Baseball league, military charity have falling out
From right, Mitch Salzstein of Northbrook Charity Stripe confers with Marc Turim of Northbrook Baseball before the Village Green Opening Day military ceremony on April 21. A misunderstanding over Charity Stripe's legal status has damaged relations between
Updated: September 10, 2012 1:03PM
The idea was appealing: Northbrook Baseball League players, plus Glenbrook North High School-aged baseball players, assisting military families via charitable pledges mirroring youth athleticism.
The league’s Opening Day ceremonies April 21 honoring U.S. military included a Purple Heart-decorated U.S. Army staff sergeant shaking hands with youth, all part of “Batter up for the Brave,” organized by The Charity Stripe, a Northbrook-based 501c3 charitable initiative.
Then came the parent phone call.
And though the summer season is now in full swing, The Charity Stripe initiative, which would have collected money for military families based on the team’s accomplishments, was instead placed on hold early in the season by the Baseball League.
“That unfortunately is a sore subject,” said Mitch Salzstein of Northbrook, The Charity Stripe’s executive director.
In late April, a team parent informed the league about The Charity Stripe’s “not in good standing” status found on Illinois Attorney General Lisa Madigan’s website.
“There was some woman in Northbrook (who) actually questioned the authenticity of my program,” complained Salzstein, of her viewing of the “not in good standing” website status (about) April 28.
“So all of the sudden, she called Northbrook Baseball and said, ‘Why are you supporting this charity when they are not in good standing?’
“They (the league) got all really, really crazy and started making all of these assumptions,” said Salzstein, the parent of two grown children with his wife Ileen.
The required Illinois Charitable Organization Annual Report was delivered by Salzstein’s attorney in late April (prior to the May 1 due date), said Salzstein. The State of Illinois website was then updated after May 1, he said.
Poor timing resulted in misunderstanding, said Salzstein, who added that $25 in Northbrook donations (via The Charity Stripe) have been received.
“I never thought I would have to defend my honor when we’re defending the honor of soldiers and their families who are sacrificing so much to protect our families and safeguard our freedoms,” said Salzstein.
Marc Turim, a 20-year Northbrook Baseball league director and 22-year Northbrook resident, could not verify the date when the league informed Salzstein of its decision (but it was estimated in early May).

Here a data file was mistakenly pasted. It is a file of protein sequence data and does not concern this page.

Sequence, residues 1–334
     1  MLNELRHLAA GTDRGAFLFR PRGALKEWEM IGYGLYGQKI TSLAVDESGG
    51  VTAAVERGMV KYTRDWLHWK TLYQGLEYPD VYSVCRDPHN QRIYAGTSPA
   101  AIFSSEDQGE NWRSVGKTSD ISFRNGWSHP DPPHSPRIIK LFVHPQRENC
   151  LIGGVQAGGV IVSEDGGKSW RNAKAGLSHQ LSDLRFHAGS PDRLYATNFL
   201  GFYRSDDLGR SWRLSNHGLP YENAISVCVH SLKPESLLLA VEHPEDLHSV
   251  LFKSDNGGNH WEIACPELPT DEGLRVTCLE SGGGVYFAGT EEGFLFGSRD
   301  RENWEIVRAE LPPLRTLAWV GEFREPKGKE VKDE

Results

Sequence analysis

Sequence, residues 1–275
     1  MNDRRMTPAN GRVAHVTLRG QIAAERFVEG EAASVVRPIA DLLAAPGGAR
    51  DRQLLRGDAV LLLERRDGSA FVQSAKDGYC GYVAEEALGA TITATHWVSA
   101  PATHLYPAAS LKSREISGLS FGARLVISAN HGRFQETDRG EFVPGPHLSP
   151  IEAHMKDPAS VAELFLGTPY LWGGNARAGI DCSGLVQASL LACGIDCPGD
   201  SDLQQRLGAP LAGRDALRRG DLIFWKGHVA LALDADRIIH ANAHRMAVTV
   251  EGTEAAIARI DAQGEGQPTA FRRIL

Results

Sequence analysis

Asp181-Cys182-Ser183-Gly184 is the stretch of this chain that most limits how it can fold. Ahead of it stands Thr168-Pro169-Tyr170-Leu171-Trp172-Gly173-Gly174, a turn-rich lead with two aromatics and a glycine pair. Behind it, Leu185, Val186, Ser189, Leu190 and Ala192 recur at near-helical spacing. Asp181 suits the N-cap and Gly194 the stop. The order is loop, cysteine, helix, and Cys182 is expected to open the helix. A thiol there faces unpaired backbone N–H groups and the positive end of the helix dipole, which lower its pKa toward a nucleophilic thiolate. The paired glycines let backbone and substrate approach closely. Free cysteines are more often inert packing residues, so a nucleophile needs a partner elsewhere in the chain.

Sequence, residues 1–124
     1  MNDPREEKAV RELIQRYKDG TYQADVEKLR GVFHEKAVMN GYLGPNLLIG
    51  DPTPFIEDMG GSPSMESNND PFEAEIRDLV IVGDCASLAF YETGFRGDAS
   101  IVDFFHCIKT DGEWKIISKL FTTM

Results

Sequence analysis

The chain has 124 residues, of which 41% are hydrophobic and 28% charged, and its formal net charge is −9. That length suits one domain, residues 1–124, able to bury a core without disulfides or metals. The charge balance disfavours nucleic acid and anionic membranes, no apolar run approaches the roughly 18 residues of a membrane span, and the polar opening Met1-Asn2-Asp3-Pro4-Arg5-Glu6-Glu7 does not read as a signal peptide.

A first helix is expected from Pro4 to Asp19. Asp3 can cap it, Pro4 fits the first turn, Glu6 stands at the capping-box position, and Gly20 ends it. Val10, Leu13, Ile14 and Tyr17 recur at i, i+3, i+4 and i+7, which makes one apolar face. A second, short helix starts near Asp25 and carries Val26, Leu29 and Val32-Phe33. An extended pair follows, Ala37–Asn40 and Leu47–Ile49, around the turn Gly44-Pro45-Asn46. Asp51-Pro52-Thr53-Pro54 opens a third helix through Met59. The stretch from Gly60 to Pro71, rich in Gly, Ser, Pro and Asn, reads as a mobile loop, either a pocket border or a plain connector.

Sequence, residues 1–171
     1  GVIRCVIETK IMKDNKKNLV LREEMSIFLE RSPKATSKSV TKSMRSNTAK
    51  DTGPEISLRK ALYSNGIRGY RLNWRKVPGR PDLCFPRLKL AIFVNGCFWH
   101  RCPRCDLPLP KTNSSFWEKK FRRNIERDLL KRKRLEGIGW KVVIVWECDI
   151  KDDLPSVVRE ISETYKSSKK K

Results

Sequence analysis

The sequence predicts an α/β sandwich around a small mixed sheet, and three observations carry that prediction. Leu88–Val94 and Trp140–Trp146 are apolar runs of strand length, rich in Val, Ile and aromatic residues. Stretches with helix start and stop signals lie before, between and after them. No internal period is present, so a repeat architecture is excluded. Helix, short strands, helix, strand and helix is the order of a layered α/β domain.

“We voted to go ahead with it (The Charity Stripe) without having a lot of detailed information about what his organization was,” said Turim, who verified Salzstein was invited to pitch the board of directors last spring.
“Everybody was wondering, ‘Should we really move full blast with it?’
The most recent Illinois Attorney General posted annual report for FY 5/1/2009-4/30/2010 lists Ileen G. Salzstein, treasurer, earning $40,350. Total revenue was $102,114, offset by management, fundraising and general expenses.
The six-year-old charity publicizes that 90 percent of donations assist charity.
Salzstein provided the Northbrook Star with a May 4 letter to Northbrook Baseball plus two emails (to the league authored by him).
“A board member (s) identified a $40,000 salary for Ileen Salzstein and a $7,205 office loan as the primary reasons why Northbrook Baseball should pull out of this program,” wrote Salzstein on May 4.
In the May 12 email, Salzstein wrote: “I felt (perhaps unjustly) that Northbrook Baseball pulling out of my program so suddenly and unexpectedly was a result of questioning my character, my honesty and my integrity.
“I felt it was a personal attack and indictment on me.”
Salzstein’s May 17 email claimed The Charity Stripe achieved proper status, “as promised.”
“I am disappointed but quite honestly, I take offense to it,” said Salzstein, who has a separate full-time marketing career.
The Charity Stripe sponsors other sports like basketball.
While Opening Day generated goodwill: “We didn’t have as many of the kids there as we would have liked to participate,” said Turim, who counted “a couple hundred people. We would have liked the whole town to be there.
“The whole thing was to not only honor the veterans but also for the Glenbrook North students to do something philanthropic for their community,” added Turim.
Salzstein claims he invested $1,000 upfront.
“You (the league) need to tell people why this program was cancelled, you need the real reason why this was cancelled which is because they didn’t get their s__t together, that’s the reason,” said Salzstein.
Said Barry Mendel, league vice-chairman: “(The) bottom line is we believe it (Charity Stripe) is a very good cause and would like to find a way to participate in it in some way.”
Added Turim, who was not aware of a contract status: “I have nothing but the highest regard for Mitch, everybody had good intentions.
“We didn’t have time to get the information out to the teams. I don’t blame Mitch, I don’t think it was the league’s fault.
“I sincerely hope we can raise a ton of money for these veterans,” said Turim.
“The army veterans, I can’t think of a better cause than that, can you?”